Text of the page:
Topic: Diesel heaters


ADI    -- Sep-22-2020 @ 8:22 PM
  Which is better
1 outlet then split into 4 larger outlets or 4 outlets at a smaller diameter no splitting required?

Regards

Adrian  Michelle

Beck  Braydon and Mere.


This message was edited by ADI on Sep-22-20 @ 9:24 PM


ADI    -- Sep-22-2020 @ 8:29 PM
  4 outlet version

Regards

Adrian  Michelle

Beck  Braydon and Mere.


ruby    -- Sep-22-2020 @ 9:36 PM
  I don't claim to be an expert but I would go for the 4 tube version. I have two splitters on my boat and it is a nightmare trying to get the heat to balance between fore and aft.

One outlet is fierce and hot, the other three are gentle and warm.  I would prefer the other way round.

I think you have more chance of heating your whole boat with four tubes and no splitters .

Graham


Regulo    -- Sep-22-2020 @ 10:20 PM
  Another vote for the 4 separate outlets, Adi. The less restrictions to flow the better. Every junction will disrupt the air flow a little. But don't overlook the practicalities of running and insulating separate hoses the length of the boat. It might be more practical, depending on your proposed layout, to run larger hoses to a convenient split point. There's no hard and fast rule with these things.

Regards, Ray.

Whatever happens now, I'm blaming it on Brexit. Everyone else is!


ADI    -- Sep-24-2020 @ 7:46 PM
  I've just worked out the area of of the single outlet (A˜17671.46) and the 4 outlet version (A˜22167.08) there is a greater area with the 4 outlet version so should be less restriction for the heater.

Regards

Adrian  Michelle

Beck  Braydon and Mere.


ncsl    -- Sep-25-2020 @ 8:12 AM
  If you use the 4 way heater then would suggest you make sure that at least one outlet can NOT be turned off.
Safety reasons.


I cruise on THE NORFOLK BROAD as I can not cruise on something that is NOT.

Official Photographer.
<a href=http://www.youtube.com/user/ncsl>Video</a>


Regulo    -- Sep-25-2020 @ 10:21 AM
 
quote:"......
I've just worked out the area of of the single outlet (A˜17671.46) and the 4 outlet version (A˜22167.08) there is a greater area with the 4 outlet version so should be less restriction for the heater.
......."


That might not tell the whole story, ADI. One large outlet cowl may possibly restrict the direct flow from the heater less than the 4 outlet version. The 4 outlet one puts a large lump of plastic directly in the centre of the outlet from the heater. Again, who knows until you try it? By which time, it's too late!!!  Wink

Regards, Ray.

Whatever happens now, I'm blaming it on Brexit. Everyone else is!


Steve51    -- Sep-25-2020 @ 1:13 PM
  Also worth noting is that resistance will be far greater through the smaller ducts than the larger one. The air volume will decrease significantly over a greater distance too. If you were running one of those small ones the full length of a boat, I doubt you'd get much out of the end.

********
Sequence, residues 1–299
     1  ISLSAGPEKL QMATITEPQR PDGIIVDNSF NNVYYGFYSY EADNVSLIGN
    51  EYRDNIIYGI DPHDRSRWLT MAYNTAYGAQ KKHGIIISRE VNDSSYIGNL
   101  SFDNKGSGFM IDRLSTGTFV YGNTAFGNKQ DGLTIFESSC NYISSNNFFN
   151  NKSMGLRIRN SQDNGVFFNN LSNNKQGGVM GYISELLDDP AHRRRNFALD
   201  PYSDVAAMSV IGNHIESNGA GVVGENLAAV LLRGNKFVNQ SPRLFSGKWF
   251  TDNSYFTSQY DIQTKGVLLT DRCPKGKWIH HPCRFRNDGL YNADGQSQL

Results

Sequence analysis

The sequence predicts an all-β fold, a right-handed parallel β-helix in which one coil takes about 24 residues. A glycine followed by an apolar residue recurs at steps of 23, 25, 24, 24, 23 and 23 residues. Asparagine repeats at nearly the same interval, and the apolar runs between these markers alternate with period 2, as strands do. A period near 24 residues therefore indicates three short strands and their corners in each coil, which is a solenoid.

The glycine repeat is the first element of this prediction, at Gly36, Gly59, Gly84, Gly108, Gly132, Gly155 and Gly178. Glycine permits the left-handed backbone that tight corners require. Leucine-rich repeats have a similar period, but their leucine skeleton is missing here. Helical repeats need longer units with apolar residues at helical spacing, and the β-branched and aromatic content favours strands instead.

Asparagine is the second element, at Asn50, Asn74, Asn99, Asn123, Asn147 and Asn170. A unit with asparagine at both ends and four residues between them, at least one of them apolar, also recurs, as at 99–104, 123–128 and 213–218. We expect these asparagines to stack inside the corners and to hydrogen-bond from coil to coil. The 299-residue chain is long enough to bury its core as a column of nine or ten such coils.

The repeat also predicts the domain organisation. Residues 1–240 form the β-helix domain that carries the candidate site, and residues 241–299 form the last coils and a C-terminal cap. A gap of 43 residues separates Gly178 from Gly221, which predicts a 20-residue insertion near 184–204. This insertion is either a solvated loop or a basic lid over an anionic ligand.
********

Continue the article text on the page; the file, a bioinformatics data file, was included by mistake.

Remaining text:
I did a fair bit of work on ducted air systems during my working life, although it was on installation rather than design, so I can't claim to be an expert.

Steve. CM1 and NR12


annville    -- Sep-27-2020 @ 9:57 AM
  Hi I dont think that there is a best way it depends on how is the best way to distribute the air and if each outlet is fixed or adjustable if the first outlet on a run is opened than this will reduce the flow to the others many have a 4inch flow from heater the tee off this is fine if heater is say at one end of boat but if in middle you will want two runs at the end of the day the heater will only produce a given flow you then divide it between out lets it is better to have to bigger size then to little. John


ruby    -- Sep-27-2020 @ 12:26 PM
  Not meaning to hi jack the  thread but has anyone tried inserting an inline electric fan (ie computer cooling fan) into a length of heating ducting to improve the flow to distant outlets ?

Can't see any obvious problems other than the heat of the air in the ducting melting the fan if plastic.

Any thoughts would be appreciated and might also help the op.

Graham


annville    -- Sep-27-2020 @ 3:56 PM
  Hi Graham It my cause the heater to shut off if the pressure at the heater fell below sencer setting you will always get less at the end as you would the beginning as temp of air drops the density will lower.idealy you want a large volume at a slow speed then no noise or drafts. John


ruby    -- Sep-28-2020 @ 10:53 AM
  Thanks John

I hadn't thought of that . I will experiment with care .

I hope it won't be a problem. Basically my problem is one of Angles. It is an ex hire boat and the builder installed  the heater for simplicity rather than effectiveness. Six inches after the outlet I have a splitter. One bit goes straight  to the saloon and rear cabin vents which get all the heat and air which is actually more than enough. The other bit goes into a 180 curve and then to a 12 foot length of drain pipe to go through the engine bay and into the  forecabin at which point there is no force or heat. Basically the air is being asked to go back on itself.

Shutting off the saloon vent gives a marginal improvement but not really effective, hence my idea of putting a small fan somewhere along the 12 foot drainpipe run.

Thanks again

Graham



annville    -- Sep-28-2020 @ 5:23 PM